My marriage…With Teju Babyface – Punch Newspapers
How did you meet your wife?
I met my wife first in 2009. My friend, Bunmi Davies, and I were auditioning ladies to be ushers for a show. Many beautiful model type ladies came for the audition, as expected in an audition for models and ushers. My girlfriend at the time accompanied me to the audition so I couldn’t talk to any girl. Despite this limitation, there was a particular girl, who, as far as I was concerned, was the most beautiful girl in the room. I found a way to escape from my girlfriend and talked to her. I talked to her about the payment for the audition but she didn’t accept the amount and convinced other ladies too. They left.
When did you know that you would end up getting married to her?
After our first meeting in 2009, I saw her at a couple of other events. It was in 2011 that I finally knew I would marry her. I had broken up with the person I was going to marry at the time and a series of events led to me knowing that she was the one. The watershed moment for me was when I was talking to her over the phone and she chastised me for being with a couple of girls. She said I was supposed to be a role model, upstanding and disciplined and not running around with many girls. This made me realise she was the one for me because no one had spoken or dared to speak to me like that.
What event made your wedding day memorable?
My wedding day was a blur to me, it was a bittersweet day, thankfully, it was more sweet than bitter. The bitter part was that my father died nine months earlier and that was painful. I also remember that they weren’t able to confirm if Pastor Sam Adeyemi would attend my wedding until that morning. When I got to church and saw him, I hugged him and almost burst into tears because everything about my father not being at the wedding almost came crashing in. The sweet part of it was looking at the beautiful woman I was going to marry, thinking of the mistake I almost made, and the clarity that she was the woman for me.
How has the marital journey been?
From when I was a child, I always knew that I was unique. What I didn’t know was the unique journey I had to go through to become the person God wants me to be. The last nine years of my marriage have been the years I went through a process of reinvention in life and career. Every day, it occurs to me that no woman I had intended to marry would have been able to go through the travails and trials that we have been through, considering that we didn’t have children until after six years.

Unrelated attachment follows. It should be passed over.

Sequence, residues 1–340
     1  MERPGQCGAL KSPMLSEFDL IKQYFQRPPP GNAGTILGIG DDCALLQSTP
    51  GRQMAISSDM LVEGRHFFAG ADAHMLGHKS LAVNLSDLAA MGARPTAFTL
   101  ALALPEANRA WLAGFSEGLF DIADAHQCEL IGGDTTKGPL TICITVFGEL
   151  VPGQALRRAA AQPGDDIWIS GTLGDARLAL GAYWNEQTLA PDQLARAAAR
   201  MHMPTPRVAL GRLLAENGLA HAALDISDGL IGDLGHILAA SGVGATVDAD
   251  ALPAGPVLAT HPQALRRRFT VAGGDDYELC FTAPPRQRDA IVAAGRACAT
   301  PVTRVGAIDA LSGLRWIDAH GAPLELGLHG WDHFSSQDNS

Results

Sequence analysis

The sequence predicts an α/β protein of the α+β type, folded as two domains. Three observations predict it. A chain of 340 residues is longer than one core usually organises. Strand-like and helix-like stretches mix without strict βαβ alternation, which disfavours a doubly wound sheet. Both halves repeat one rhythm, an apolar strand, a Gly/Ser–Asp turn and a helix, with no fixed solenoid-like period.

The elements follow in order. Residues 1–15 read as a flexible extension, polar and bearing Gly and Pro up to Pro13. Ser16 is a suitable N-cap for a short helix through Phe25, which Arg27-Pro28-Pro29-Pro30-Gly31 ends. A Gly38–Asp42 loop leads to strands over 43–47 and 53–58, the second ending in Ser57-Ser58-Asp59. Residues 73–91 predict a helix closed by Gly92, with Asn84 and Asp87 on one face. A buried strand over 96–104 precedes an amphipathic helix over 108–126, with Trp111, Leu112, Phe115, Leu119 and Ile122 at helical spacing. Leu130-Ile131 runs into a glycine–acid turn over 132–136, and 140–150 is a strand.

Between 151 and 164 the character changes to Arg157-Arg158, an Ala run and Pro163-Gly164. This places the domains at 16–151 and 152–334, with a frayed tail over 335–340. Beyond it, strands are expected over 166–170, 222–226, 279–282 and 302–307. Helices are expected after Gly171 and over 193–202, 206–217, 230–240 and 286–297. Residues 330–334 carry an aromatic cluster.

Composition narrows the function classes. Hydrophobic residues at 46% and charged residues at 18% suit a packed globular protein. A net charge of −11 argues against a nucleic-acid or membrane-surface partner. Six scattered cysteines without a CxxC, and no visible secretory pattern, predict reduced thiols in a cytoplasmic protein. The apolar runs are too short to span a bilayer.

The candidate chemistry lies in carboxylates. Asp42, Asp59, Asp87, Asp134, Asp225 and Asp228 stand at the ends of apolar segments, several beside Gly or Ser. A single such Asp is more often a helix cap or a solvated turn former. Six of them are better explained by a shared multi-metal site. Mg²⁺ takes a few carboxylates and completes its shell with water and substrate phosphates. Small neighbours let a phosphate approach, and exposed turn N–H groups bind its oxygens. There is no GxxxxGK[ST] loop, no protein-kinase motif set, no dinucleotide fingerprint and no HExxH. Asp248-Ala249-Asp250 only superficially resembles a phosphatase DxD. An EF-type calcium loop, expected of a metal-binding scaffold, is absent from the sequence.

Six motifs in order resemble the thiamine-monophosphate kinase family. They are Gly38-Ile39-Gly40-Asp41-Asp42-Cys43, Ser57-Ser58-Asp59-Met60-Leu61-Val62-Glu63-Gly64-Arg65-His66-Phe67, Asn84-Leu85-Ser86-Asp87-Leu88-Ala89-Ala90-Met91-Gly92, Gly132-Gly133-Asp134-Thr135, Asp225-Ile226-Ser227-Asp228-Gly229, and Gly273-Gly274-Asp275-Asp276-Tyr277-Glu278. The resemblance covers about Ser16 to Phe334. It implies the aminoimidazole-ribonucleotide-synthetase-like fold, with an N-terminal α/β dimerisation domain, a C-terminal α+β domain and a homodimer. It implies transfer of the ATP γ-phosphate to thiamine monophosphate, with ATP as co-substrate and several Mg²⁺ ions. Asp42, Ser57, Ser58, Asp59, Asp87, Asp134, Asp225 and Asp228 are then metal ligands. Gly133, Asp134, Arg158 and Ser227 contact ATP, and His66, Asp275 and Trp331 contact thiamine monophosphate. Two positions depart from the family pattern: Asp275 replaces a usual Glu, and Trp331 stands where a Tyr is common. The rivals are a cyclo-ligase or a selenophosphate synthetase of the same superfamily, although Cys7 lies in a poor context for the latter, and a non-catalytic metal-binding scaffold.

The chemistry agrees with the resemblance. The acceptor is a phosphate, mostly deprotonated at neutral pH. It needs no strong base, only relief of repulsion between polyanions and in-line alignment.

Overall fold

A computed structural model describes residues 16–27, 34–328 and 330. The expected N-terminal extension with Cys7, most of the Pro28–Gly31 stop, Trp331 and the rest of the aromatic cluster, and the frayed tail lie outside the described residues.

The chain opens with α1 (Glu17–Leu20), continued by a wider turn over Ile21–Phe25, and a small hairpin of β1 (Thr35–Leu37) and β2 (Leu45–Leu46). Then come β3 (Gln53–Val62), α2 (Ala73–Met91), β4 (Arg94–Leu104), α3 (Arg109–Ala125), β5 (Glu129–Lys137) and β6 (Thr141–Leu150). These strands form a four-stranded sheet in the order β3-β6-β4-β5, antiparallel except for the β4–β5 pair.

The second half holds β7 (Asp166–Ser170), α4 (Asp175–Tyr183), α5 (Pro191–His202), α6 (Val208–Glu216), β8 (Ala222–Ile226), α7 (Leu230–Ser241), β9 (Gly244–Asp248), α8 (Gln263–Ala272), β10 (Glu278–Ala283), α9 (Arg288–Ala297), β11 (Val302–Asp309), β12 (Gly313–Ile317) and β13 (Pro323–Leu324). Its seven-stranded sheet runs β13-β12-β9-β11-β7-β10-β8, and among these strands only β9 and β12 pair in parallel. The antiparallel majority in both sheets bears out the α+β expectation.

The marital journey has been beautiful and instructive and it has brought me to a place of continual and eternal gratitude to God because I realised how close I was to making a mistake. It has been a blessed journey, we got twins, a boy and a girl three years ago.
How have you been able to balance your career and home?
There’s something, even when I was single and I was supposed to be a ladies man who was all over the place, I always went back home after every event was over. I always enjoyed my own company. I got the trait from my father who was a “homebody.” This has gone with me into marriage and with the sense of responsibility to my wife and children, I understand that it is an infidel that would not take care of his home. Charity begins at home. It is not a tough balance for me.
What has been the best part of your marriage so far?
It is my realisation every other day that I could have made a mistake in marriage. I must put a caveat now for those who know the persons I almost married, this is not an indictment on the character of those people, it was just a mutual thing that we were not meant for each other. It also does not mean they were bad people, it just meant we were bad for each other. We were created differently though attracted by chemicals and possibly by pulchritude. It was the mercy and wisdom of God that allowed not only me but the other persons from walking into a marriage where we would have been incompatible. The uniqueness of the strength of my wife has been able to make her bear up under resistance and burdens that others might not have been able to bear. Her strength of character and gentle spirit, and the fact that I married a beautiful woman are things I am grateful for.
What’s your advice to young people planning to marry?
If I had to give only a piece of advice, I would put it down to what King Solomon says in the book of Proverbs 31 in the last couple of three verses. It says, “Charm is deceitful and beauty is fleeting but a woman who fears the Lord should be honoured above all.” Don’t marry for beauty alone and don’t marry for character alone. You can look at my wife and say I married a beautiful woman, don’t get me wrong.
There is a reason you are attracted to the people you are attracted to, God made you that way. If you like a certain type of girl or guy, don’t give that up because they told you not to marry for beauty. It might take a while to find them but you need to find a balance between who you want to marry and who you need to marry. Also, have trusted marriage counsellors and take advice. For me, I had a dozen, my father, mentors and the books I read among others helped me.